Paul pointed out that this certainly would have to be brought to Phil’s attention, and did they do that? No.

Well then last Sunday, the day we were there, after church Paul called the elders and Phil into the sacristy to face one another.

Again, there was no flashing of swords or battle scene. [It is worth noting here how Pastor Meier shared Luther’s concerns about remaining in order.] The elders are all people of no harsh personality who would be inclined to sink bear claws into flesh and spirit to tear it apart. They spoke calmly, as Phil related later, but still did not change their attitude toward him. When they finished, he answered, pointing out that on his part there was not too much to reply to them. In fact, the wholesome thing for him to do might be to just accept their verdict upon him and let it stand. He pointed out to them that it should not be their impression that he was anxious to be their pastor nor to preach to them, neither now nor at any time in the past. Whenever he had preached there it was only because he felt called upon to do so because his father needed help because of his age, especially since his recent bereavement. The singing with the little choir at Christmas—he regularly rehearsed the songs to implement the children’s Christmas service (Karl Koehler) in the congregation, spent time and effort to bring forth a masterpiece of simple worship—the singing he did gladly even in the face of opposition when some felt that if they did not come the choir would collapse.

There were some matters of immediate concern which he pointed out for them to consider, but did not draw out the matter to any length, also speaking calmly without feeling ruffled toward them at all.

Thus it went, Agnes. It actually takes longer to write and try to relate it somewhat clearly than the actual incident lasted.

The consequences, however, may be more lasting and serious.

During that Wednesday evening meeting with Paul it was suggested—would it not be possible to make an arrangement as in the past, namely that those who assisted in the preaching would continue to do so but on a regularly scheduled basis? The matter as I recall it was merely inquired about without coming to any decision.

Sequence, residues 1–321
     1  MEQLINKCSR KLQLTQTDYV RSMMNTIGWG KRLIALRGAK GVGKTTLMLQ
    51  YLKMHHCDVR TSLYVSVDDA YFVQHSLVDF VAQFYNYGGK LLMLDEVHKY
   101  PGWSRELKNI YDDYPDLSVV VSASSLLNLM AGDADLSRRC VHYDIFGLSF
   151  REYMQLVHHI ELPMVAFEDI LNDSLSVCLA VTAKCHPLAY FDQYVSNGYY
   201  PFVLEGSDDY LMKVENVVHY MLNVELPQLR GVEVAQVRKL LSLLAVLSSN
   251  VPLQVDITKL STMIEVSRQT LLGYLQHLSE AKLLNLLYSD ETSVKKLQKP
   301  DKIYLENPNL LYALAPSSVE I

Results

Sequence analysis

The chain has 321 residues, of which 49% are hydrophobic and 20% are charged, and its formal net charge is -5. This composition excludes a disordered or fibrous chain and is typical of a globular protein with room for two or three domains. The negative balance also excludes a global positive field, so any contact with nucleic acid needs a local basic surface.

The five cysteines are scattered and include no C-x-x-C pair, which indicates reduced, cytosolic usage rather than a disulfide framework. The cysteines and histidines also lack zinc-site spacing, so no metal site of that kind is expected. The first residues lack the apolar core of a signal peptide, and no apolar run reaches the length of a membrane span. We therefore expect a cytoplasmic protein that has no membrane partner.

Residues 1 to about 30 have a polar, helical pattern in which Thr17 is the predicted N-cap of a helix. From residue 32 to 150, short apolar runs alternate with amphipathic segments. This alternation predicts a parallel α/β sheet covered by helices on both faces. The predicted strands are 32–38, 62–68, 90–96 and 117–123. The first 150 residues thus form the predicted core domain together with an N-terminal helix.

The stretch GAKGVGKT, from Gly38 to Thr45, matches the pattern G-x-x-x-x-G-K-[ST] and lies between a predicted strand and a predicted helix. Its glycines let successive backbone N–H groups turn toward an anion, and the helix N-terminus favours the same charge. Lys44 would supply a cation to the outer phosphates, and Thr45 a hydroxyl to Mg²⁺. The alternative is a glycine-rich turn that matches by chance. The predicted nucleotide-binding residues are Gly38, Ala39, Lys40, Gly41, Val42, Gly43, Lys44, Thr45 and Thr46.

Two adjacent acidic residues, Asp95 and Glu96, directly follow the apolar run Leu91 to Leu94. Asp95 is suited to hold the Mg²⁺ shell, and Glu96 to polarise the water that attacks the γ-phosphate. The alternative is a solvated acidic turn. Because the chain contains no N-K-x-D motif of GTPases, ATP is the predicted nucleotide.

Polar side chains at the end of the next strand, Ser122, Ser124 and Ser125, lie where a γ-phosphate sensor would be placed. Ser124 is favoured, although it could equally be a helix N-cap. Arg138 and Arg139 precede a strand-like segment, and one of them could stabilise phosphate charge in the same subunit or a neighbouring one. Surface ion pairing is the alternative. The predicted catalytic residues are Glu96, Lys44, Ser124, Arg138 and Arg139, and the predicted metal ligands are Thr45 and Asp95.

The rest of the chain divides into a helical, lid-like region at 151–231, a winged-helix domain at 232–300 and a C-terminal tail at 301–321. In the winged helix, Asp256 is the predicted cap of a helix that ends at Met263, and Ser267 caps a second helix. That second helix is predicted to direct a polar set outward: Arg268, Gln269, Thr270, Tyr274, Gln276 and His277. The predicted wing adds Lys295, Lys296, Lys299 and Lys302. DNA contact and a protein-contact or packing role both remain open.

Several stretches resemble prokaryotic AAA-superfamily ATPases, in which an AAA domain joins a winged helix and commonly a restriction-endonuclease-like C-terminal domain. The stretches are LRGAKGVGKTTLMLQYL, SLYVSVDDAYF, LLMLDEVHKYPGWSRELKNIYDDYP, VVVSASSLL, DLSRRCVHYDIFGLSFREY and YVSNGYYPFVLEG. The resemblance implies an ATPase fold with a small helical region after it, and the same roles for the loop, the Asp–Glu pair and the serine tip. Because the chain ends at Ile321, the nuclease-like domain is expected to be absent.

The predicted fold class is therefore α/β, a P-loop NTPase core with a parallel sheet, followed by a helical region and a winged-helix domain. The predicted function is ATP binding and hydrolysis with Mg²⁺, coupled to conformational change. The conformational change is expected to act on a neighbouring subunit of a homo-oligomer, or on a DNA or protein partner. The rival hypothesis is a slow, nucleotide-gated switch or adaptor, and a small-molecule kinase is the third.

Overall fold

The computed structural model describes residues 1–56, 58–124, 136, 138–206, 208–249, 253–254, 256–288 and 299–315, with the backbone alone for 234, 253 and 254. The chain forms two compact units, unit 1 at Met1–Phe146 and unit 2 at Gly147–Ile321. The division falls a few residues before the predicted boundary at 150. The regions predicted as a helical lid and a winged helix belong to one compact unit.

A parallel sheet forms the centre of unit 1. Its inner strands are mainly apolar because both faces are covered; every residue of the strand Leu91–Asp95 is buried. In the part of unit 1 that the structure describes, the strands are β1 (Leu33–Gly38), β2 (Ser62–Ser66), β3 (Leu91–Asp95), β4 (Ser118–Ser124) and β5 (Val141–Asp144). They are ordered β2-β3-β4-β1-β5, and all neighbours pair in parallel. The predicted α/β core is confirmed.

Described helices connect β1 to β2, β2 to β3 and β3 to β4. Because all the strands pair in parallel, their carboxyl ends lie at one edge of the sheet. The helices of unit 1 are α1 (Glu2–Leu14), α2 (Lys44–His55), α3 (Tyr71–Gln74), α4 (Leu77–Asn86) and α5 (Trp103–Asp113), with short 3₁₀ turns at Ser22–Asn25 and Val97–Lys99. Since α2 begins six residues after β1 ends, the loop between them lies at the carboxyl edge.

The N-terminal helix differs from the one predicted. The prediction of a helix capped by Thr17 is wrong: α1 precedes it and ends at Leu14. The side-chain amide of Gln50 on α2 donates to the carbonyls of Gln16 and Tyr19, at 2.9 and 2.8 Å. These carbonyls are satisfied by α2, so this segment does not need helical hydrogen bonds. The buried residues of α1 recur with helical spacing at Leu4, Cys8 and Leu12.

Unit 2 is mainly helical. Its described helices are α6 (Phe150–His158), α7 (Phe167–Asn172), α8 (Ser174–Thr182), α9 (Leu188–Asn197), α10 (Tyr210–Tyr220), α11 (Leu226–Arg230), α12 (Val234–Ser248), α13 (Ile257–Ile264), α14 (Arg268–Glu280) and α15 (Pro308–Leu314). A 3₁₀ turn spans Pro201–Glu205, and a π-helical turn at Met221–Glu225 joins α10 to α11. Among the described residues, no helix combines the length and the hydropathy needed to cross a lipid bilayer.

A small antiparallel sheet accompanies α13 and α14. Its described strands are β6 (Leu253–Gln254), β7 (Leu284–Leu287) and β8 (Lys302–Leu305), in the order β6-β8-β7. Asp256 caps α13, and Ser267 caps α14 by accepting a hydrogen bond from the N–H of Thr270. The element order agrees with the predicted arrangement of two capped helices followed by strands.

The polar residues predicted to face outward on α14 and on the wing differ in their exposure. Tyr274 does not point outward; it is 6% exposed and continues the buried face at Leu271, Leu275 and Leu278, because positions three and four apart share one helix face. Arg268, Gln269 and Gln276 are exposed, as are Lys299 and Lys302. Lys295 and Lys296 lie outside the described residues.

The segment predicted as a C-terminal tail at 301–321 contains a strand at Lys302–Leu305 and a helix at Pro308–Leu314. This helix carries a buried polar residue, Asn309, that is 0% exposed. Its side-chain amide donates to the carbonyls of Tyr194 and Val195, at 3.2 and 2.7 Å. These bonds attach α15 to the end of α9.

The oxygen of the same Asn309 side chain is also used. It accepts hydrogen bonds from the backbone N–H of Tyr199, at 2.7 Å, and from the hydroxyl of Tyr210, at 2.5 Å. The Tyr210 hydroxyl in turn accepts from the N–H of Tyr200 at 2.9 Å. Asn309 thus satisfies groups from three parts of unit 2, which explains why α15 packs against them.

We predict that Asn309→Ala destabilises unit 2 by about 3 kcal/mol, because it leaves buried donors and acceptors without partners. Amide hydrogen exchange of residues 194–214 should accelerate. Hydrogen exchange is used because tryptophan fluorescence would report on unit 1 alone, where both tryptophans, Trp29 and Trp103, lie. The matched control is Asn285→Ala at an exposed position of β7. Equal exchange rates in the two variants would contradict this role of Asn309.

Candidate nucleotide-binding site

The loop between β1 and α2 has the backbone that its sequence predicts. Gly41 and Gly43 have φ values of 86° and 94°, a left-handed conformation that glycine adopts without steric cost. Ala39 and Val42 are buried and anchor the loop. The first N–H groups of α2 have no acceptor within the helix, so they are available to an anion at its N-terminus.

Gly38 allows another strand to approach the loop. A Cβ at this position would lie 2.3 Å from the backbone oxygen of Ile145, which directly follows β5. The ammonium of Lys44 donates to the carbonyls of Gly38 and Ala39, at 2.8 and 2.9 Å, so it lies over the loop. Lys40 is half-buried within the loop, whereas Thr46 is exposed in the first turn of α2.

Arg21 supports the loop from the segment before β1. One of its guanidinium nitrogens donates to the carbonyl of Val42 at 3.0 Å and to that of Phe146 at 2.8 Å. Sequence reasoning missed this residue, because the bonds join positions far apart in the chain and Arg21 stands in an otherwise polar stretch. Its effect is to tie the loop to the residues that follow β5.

You will see at once, however, that if Phil’s preaching and personality—or whatever it be—is not compatible to their way of thinking or living, certainly it will be no different with those of us who might preach there in Paul’s stead. Or if Phil’s gospel is distasteful to them, resulting in the departure of some, I maintain that this reaction was there to Paul’s preaching also. And if that is true, a grave situation exists. That is why I went to all this length to mention it to you, Agnes. And I’m sure you will not consider it a waste of words. This it is, and I felt that you, as one of us, would be interested to know what is going on. It doesn’t leave one with much sleigh-bell jingle for Christmas. Yet he who came to earth in these days really bore the brunt for us whereof we are glad . . . .


E & A
[Emma and Albert]

After the November 1968 Conference and the December 1968 Valders situation, Pastor Gruendemann no longer attended Conference or assisted with preaching at Valders.

At this point a number of questions arise. What elements in these two situations may have caused Pastor Gruendemann to step back? Did he share concerns over the direction of the editing of Faith-Life? Did he not necessarily share Pastor Meier’s concerns about the tension between Pastor Phil and the Valders congregation involving the other pastors in the circuit?

In light of the eruptions in the Conference from 1962 through 1968, did Pastor Gruendemann see and sense a pattern developing? His independent nature was not to be combative, but to stand back and see how things would develop.

This, however, was not Pastor Meier’s nature.

The following entries from Pastor Meier’s journal show that in the Sturgeon Bay congregation things continued as normal, and that no tension existed there.


Saturday, February 8, 1969

Conference at Utilities Building, Manitowoc. We stay at Marcus Koch’s.

Sunday, February 23, 1969

Church in Tom’s house as usual. Those present were: Mr. Gruendemann and son Jr.; Mr. and Mrs. (Naomi) Kirchman and two boys (Roger and Jerry, Jr.); Roland and Sylvia and their children, Cheryl, Debbie, Paul, Susan, Kurt; Tom (Judy working), Tommy, David, Alberta, Miriam, John;  Emma Meier, Albert Meier.

Tom begins teaching Sunday School with the younger children.



The following entries from the same journal record the first signs of tension arising from Pastor Gruendemann’s not attending Conference or assisting the Valders congregation.